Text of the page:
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Well, no. If you look at the capital employed, that one stays stable. Gian Marco, then -- you really go then in the different lines, how quickly do you depreciate parts versus software versus building, et cetera. So no change in policy on our side, stable development. And again, a big chunk of the increase also is this work in progress. You will see an increase in the D&A, of course, once we now have the production capacity coming online and as well then, of course, with the SBB investments once the stores are refurbished.

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Operator [16]

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The next question comes from Lorena Zini, Vontobel.

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Lorena Zini, Bank Vontobel AG, Research Division - Analyst [17]

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I will have a question on the B2B business. So you had a very strong growth here in the first half. You mentioned higher capacity as a reason. Could you just maybe be a bit more precise here? Are we talking about the Ditsch USA and the higher capacity there? Or where -- what kind of capacity are we talking about?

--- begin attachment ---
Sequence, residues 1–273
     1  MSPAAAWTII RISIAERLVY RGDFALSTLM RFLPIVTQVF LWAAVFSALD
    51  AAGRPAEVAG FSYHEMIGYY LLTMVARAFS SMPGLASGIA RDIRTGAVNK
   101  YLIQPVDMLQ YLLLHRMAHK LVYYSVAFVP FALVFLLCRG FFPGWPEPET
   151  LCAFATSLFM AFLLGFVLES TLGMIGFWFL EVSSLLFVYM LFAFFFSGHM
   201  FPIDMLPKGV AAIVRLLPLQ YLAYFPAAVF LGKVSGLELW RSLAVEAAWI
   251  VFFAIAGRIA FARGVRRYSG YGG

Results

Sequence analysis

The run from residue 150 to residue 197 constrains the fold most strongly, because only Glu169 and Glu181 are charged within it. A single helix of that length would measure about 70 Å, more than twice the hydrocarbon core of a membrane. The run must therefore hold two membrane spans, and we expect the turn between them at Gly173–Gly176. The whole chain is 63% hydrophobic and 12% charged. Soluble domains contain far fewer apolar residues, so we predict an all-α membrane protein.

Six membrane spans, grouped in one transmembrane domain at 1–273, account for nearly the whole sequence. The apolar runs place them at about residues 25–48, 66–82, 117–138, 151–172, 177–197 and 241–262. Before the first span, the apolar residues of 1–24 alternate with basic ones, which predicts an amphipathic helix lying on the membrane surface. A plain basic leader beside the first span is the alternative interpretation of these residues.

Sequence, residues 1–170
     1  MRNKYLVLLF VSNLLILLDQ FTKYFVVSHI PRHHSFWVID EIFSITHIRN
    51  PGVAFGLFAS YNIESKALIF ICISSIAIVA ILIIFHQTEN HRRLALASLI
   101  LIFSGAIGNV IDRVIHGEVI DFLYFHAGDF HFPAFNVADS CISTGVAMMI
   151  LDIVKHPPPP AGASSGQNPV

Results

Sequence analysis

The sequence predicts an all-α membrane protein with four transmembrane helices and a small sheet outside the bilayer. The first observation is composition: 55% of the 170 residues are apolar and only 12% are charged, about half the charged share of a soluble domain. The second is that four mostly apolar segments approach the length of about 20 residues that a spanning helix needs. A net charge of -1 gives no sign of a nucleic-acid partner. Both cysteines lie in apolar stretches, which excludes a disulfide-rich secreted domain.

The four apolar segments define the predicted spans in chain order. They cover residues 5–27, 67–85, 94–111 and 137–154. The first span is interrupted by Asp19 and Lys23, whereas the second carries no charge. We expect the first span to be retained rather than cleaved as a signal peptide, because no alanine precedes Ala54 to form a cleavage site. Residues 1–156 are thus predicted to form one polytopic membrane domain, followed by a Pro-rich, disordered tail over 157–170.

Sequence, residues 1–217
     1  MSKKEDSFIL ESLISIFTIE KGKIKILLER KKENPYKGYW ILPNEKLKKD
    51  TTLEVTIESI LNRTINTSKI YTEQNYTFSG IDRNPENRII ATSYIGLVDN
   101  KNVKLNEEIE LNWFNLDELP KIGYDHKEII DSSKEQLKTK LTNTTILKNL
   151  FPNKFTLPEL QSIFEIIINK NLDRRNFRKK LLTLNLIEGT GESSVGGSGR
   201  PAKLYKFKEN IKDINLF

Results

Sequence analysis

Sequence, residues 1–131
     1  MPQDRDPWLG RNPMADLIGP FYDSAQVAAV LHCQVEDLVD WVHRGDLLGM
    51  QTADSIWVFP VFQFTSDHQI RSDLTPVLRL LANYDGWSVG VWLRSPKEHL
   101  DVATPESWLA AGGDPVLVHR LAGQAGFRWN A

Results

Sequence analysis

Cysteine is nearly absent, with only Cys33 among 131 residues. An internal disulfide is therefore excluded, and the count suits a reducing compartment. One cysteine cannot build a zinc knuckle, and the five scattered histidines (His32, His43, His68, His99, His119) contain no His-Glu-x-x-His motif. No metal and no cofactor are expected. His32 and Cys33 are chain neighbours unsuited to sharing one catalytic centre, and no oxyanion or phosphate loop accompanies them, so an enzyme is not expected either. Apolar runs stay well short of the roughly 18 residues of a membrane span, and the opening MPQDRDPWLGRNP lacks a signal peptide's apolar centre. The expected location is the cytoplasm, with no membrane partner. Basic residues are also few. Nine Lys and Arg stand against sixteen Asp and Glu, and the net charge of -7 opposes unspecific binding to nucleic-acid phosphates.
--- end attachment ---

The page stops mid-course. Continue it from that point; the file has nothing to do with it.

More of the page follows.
And then how should we think about this business going forward in terms of growth? And with the new capacity coming online, how confident are you that you're going to fill it up? Like at what pace can we expect like full capacity utilization or close to like high capacity utilization? That would be useful for us.

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Michael Mueller, Valora Holding AG - CEO [18]

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Thank you, Lorena, for your question. I mean in general, I think we're fairly consistent of the last years, and that's also what we presented and discussed at the Capital Markets Day. I mean we are very pleased with the development of the B2B business across all the markets we're active. I mean we have seen here in the market and specifically with our operations quite strong growth. And we guided that we see that this will continue going forward, and we're committed to invest in that business.